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April 11, 2013     The Carlisle Citizen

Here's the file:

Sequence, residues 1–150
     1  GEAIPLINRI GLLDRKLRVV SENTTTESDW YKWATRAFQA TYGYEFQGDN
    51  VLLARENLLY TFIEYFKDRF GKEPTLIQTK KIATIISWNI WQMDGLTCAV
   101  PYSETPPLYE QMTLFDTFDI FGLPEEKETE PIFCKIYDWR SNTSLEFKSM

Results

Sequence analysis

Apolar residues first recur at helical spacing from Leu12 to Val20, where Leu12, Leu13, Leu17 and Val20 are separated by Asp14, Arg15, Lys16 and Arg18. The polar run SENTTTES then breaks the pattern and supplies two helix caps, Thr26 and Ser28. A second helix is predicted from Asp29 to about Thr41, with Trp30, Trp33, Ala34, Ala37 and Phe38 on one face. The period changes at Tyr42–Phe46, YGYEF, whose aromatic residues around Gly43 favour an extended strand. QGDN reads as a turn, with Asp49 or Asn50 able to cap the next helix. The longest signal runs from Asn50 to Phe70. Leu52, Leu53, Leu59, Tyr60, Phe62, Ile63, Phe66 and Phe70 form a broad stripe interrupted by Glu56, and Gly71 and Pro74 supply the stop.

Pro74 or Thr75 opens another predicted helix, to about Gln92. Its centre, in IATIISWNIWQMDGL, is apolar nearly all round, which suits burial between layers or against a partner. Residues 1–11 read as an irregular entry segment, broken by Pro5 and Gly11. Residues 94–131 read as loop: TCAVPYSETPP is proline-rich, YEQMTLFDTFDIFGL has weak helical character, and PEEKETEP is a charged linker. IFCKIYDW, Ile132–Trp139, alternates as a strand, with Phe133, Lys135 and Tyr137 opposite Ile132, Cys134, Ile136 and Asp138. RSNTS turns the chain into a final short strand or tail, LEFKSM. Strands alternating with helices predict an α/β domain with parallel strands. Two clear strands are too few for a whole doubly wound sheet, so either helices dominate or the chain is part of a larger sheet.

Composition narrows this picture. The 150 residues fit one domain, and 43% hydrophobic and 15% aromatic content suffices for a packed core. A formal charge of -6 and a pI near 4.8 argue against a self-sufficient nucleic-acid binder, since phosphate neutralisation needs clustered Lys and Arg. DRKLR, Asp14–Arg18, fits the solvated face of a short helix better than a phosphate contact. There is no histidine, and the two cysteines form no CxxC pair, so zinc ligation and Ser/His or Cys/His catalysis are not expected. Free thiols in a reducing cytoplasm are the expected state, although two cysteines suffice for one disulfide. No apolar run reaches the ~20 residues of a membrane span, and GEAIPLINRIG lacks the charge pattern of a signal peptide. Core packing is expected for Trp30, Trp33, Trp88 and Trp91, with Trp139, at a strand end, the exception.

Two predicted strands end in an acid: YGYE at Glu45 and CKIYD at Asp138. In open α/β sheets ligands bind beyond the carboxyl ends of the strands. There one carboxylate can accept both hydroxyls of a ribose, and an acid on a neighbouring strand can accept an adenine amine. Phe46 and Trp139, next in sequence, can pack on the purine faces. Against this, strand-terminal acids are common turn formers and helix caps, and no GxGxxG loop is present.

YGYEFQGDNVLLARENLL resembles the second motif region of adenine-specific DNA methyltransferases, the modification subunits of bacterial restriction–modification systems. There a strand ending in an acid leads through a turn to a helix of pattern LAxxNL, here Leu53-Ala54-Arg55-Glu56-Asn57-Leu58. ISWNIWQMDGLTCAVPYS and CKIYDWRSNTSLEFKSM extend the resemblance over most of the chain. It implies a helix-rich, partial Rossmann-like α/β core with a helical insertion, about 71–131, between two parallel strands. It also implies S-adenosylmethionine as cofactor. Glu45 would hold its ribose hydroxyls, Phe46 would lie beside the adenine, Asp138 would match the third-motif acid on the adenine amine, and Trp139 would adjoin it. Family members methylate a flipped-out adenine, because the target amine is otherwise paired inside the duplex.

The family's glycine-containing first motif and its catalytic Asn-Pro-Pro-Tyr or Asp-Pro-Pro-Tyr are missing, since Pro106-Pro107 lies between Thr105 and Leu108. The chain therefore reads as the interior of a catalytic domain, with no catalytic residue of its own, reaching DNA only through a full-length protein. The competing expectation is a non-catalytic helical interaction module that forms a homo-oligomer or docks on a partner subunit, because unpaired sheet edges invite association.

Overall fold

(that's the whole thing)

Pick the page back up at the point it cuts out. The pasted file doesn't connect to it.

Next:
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Page Twelve The Carlisle Citizen Thursday, April 11, 2013 Is Your Portfolio Truly Diversified? Submitted by Joe Schettler, Rep for Edward Jones in Carlisle Life is full of ups and downs -- and the financial markets are no different. As an investor, you're no doubt happy to see the "ups" -- but the "downs" can seem like a real downer. Isn't there any way to help smooth out the vola- tility in your investment portfolio? First of all, to cope with volatility, it's helpful to know what causes it -- and there can be many causes. Computers that make trades in milliseconds, based on mathematical models, are sometimes blamed for intraday volatil- ity, but large price swings can also occur following the release of government eco- nomic reports, such as those dealing with unem- ployment and housing starts. Global events, such as the European economic malaise, can also send the. financial markets into a tizzy. By being aware of the im- pact of these events, you can see that the workings of the markets -- especially their volatility -- may not be as mysterious as you thought. Still, while know- ing the causes of volatility can help you prepare for market swings, it won't blunt their impact on your portfolio. To do that, you need to create a diversified mix of investments because your portfolio can be more susceptible to negative price movements if you only own one type of asset. To illustrate: If you owned mostly bonds, and interest rates rose sharply, the value of your bonds would likely drop, and your portfolio could take a big hit. But if you owned stocks, bonds, government securities, certificates of deposit (CDs) and other in- vestment vehicles, the rise in interest rates would probably affect your portfo- lio less significantly. Unfortunately, many in- vestors think that if they own a few stocks and a bond, they're diversified. But you canactually extend your diversification through many levels -- and you should. For the equity portion of your portfolio, try to own stocks representing many market sectors and industries. Also, consider international stocks. And rather than just owning U.S. Treasury bonds, con- sider corporate bonds and municipal bonds, and di- versify your fixed-income holdings further by pur- chasing short-term, inter- mediate-term and long- term bonds. Work with your financial advisor to determine the mix of asset classes and investments that are appropriate for your financial goals and objectives. How you ultimately diver- sify your portfolio depends on your risk tolerance, time horizon and long-term goals -- there's no one "cor- rect" asset mix for every- one. And over time, your diversification needs may change. To cite one ex- ample, as you enter your retirement years, you may need to increase your per- centage of income-produc- ing investments while pos- sibly reducing the amount of growth investments you own. These growth-ori- ented investments tend to be more volatile, and you may want less volatility during your retirement. However, even during re- tirement, you will need to own a certain percentage of growth investments to pro- vide you with the growth potential you'll need to stay ahead of inflation. Keep in mind that diver- sification can't guarantee a profit or protect against loss. Nonetheless, building a diversified portfolio may help take some of the vola- tility "out of investing -- so look for diversification op- portunities whenever pos- sible. This article was written by Edward Jones for use by your local Edward Jones Financial Advisor. Don't forget to make your 2012 IRA contribution. Joseph H Schettler Financial Advisor 90 Hwy 5 Carlisle, IA 50047 515-989-4100 Member SIPC www.edwardjones.eom Edward Jones MAKING SENSE OF INVESTING Mississippi River Travel Show Sunday, April 21, 2013 2 - 4 pm at Johnnie & Mikes Pizza 130 S 1st Street Carlisle, Iowa Mississippi River Adventure 8 Days Featuring a 4 Night Cruise on the American Queen Departure Date: October 2, 2013 highlights ilwlude: Memphis Graceland * Tupelo * Jackson Natchez Cruise the Mississippi River Vicksburg Helena Coilette Tours RSVP Karen Baldridge Kappelman 515-480-3707 Slices of Life by Jill Pertler Copyright 2010 A return to holidays For the last three years I've avoided holidays. Not the holidays in December. Every single holiday - all 12 months of them. This behavior stems from a psy- chological compensation is- sue (as most things do). Some people thrive on holiday hoopla - and not only those who are able to grow long white beards or are in possession of a size XL bunny suit. I'm talking, of course, about teachers. First grade teachers are pros at making a big deal out of Johnny Appleseed Day, Elephant Apprecia- tion Day, National Peanut Butter and Jelly Day and whether March comes in like a lamb or lion. Give a first grade teacher a plain old rock and a big pot of water and she'll make a party out of it. Guaranteed. My mom was a first grade teacher with unsur- passed talent for holiday hullabaloo. After my sister and I were born, she traded in her classroom of 30 stu- dents for two daughters, but continued to display holiday talents at an 01ym- pic level. If they gave med- als for holiday triumphs, my mom would have been weighed down in gold. When I was a kid, this worked out pretty well for me. I basked in my mom's holiday splendor. We looked for shadows on Groundhog Day. We learned about some man with a bucket from Nan- tucket on National Limer- ick Day. We swapped the sugar with the salt on April 1. Obscure holiday were fun, but my mom's sparkle shined the brightest on the biggies. Food, candy, pre- sents and ddcor all over- flowed - often in a literal sense. If two daughters brought out the holiday ge- nius of my morn, you can only imagine what the ar- rival of grandchildren did to the equation. It was ex- ponential. I wasn't born with the holiday gene. I didn't have the organizing and plan- ning talents of my morn, but I was happy to follow along and put out the pickle tray, blow up the balloons or hang the garlands wher- ever she told me to put them. And so the fun continued, until Alzheimer's disease joined our family get- togethers and holidays be- came less celebratory and more bittersweet. Those of us close to my mom took on what we could, but hers were big shoes to fill. Three years ago, my morn spent her last holiday with us. Three years ago, I started avoiding them. Ybu don't have to be Sigmund Freud to figure out why. Three years is a long time - and a lot of holidays. Of course I couldn't avoid ev- ery one of them completely because I wasn't even con- scious of my behavior at first. Once I figured out my motives, I was appalled and a little embarrassed; so I Shielded them from oth- ers. I became a holiday minimalist - doing as little as possible to get by with- out arousing suspicion. Time is a universal healer and three years transports a person from one level of grief to another. Thank goodness. Holidays are a part of life; avoiding life is no way to live. Last weekend, we loaded up our family and made the two-hour trek to spend a holiday with my dad and sister and her family. The event wasn't the super- planned, over-the-top whirlwind affair of my mom's heyday, but my sis- ter did make some killer cheesy potatoes. And we got to spend time together -talking, laughing, sharing stories and making memo- ries like families do. At one point, as my sis- ter related one of her sto- ries, a certain expression and intonation in her voice reminded me of our mom and I realized we are more like her than we think. Per- haps neither of us will ever make it into the holiday hall of fame, but we both carry parts of our mom with us wherever we go. And when we get together to celebrate a holiday, she is there with us. And she is smiling. Jill Pertler is an award- winning syndicated colum- nist, playwright and author of "The Do-It-Yourselfer's Guide to Self-Syndication" You can read more columns at the Slices of Life page on Facebook. For all kinds of people, for all kinds of reasons ... celebrating /iiiiiiiiiiiiiiiiiiiii!iiii!iii!iii!iiiiiiiiiiiiiiiiiiiiii Pekin Insurance TM and your professional Pekin Insurance Agent understand there's more to insurance than the policy. It's the people who matter most. 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